No riots please-we’re British
“A hideous ecstasy of fear and vindictiveness, a desire to kill, to torture, to smash faces in with a sledge hammer, seemed to flow through the whole group of people like an electric current, turning one even against one’s will into a grimacing, screaming lunatic. And yet the rage that one felt was an abstract, undirected emotion which could be switched from one object to another like the flame of a blowlamp.” (1984, George Orwell)
The recent spatter of protest actions have reverberated through the Earths magma opus as millions of angry, disenchanted people from all quadrants of the globe united to “stick it to the man”. England’s London riots being a major cause for concern as half the burgeoning emigrants struck the U.K off their promise-land lists. During this volatile time, you have to admit you all couldn’t wipe those smug grimaces as you watched Tottenham, Bristol and Birmingham succumb to its fiery fate. Fascination and an almost scoff emanated from South African soil, as she flipped the land of Earl-grey and civility off.
As with all riots, the last straw had been drawn – the death of a twenty-nine year -old father of four, Mark Duggan, whom had been shot by police. This uncouth, most foul display of police brutality set the community ablaze. The ensuing protest sounded a call to arms – uniting the youth. Adolescents now harnessing both their primal instincts of hunting and gathering and a brotherhood of men showed that the kids of the U.K showed their forefathers that a “stiff upper lip” is a fallacy. They have problems – deep gaping therapy inducing problems.
Wait. Let us back track a bit. Why do people strike? Why is everything spiraling out of sorts?
A strike is a form of protest (peaceful or otherwise) that seeks to voice an organisation’s or people’s concerns. South Africa’s history is steeped in a culture of community and justice. We have always been a people that spoke out- even when in moral peril.
Matters went awry after that. The U.K’s leaders making their disgruntled return to familiar shores as the summer holidays were cut short due to those “hooligans”.
Boris Johnson’s (Mayor of London) first public appearance since the riots has been of disastrous. Strident heckling and curse words were flung his way as he made his address at Clapham Junction.
“You’re racist and need to resign”, a woman shouted through – it was heard on footage carried around the world.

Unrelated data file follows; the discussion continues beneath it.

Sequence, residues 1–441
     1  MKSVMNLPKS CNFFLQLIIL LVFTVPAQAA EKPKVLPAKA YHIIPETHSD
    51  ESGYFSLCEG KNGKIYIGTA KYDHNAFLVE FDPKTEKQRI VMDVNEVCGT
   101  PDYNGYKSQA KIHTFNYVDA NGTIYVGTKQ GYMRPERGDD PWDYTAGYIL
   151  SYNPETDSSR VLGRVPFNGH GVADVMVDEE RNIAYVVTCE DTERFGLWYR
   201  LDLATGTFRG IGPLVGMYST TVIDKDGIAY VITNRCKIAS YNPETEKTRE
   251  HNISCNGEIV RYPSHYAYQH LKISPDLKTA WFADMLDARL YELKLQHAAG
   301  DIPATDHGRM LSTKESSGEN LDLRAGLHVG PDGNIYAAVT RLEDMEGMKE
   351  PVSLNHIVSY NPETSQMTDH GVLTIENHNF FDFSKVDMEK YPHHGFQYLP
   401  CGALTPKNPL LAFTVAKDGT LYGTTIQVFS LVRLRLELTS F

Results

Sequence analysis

Politicians up top continually deny the very real issues its citizens are shouting.
They go a little something like this:
Austerity measures – The increasing of the retirement age from 60 to 65 as a reaction to the worlds faltering markets.
Tertiary education is no longer free.
Police pushing civilians around. Police are public servants; in England however they are well on their way to running the place.
Unsympathetic government – they have backtracked on the U.K’s modus operandi of successful democratic and social reforms (after all, that was why your uncles, aunts and friends left-isn’t it?).
They had done it. Without consulting an entire populace they took back every promise they had ever uttered to their beleaguered citizens. All this and the administration expected widespread acceptance.
The official statement from Britain’s Prime Minister condemned the scenes erupting all over the country.
“We are on the side of the law-abiding citizens who are appalled by what has happened in their own communities”, said Cameron.
He then went on to praise British police forces, commending them on their bravery while confronting these broom wielding hooligans.
Hold up, this has “1984” (novel by George Orwell) all over it.
Mr. Orwell prophesized a time when humans would devise their own destruction. This connotes an attitude of control by propaganda, surveillance, misinformation, denial of truth, and manipulation of the past, including the “Unperson”. That being when a person whose past existence is expunged from the public record and memory, practiced by modern repressive governments.
The most common sense of being Orwellian is that of the all-controlling “Big Brother” state, used to negatively describe a situation in which a Big Brotherauthority figure — in concert with “thought police” — constantly monitors the population to detect betrayal via “improper” thoughts. Orwellian also describes oppressive political ideas and the use of euphemistic political language in public discourse to camouflage morally outrageous ideas and actions. In this latter sense, the term is often used as a means of attacking an opponent in political debate, by branding his or her policies as Orwellian. When used like this in political rhetoric if it is not sincere, it is interesting to note as it can be a case of a hypocritical Orwellian strategist denouncing Orwellian strategies.
British media who wholeheartedly heralded the use of social media in the Egyptian revolution did a 180 and vilified the youth’s use of social networks to aid its ends. Authorities there then went on to track down people via Facebook, Twitter and the ill-famed Blackberry messenger service – the result meaning the arrest of minors and various protestors. 2000, almost.
Is people power dead? The Arab uprising would certainly point towards a “no”, but as far as recent events in England are concerned perhaps in the first world people power is not as healthy as we would like to believe
“He gazed up at the enormous face. Forty years it had taken him to learn what kind of smile was hidden beneath the dark moustache. O cruel, needless misunderstanding! O stubborn, self-willed exile from the loving breast! Two gin-scented tears trickled down the sides of his nose. But it was all right, everything was all right, the struggle was finished. He had won the victory over himself. He loved Big Brother.”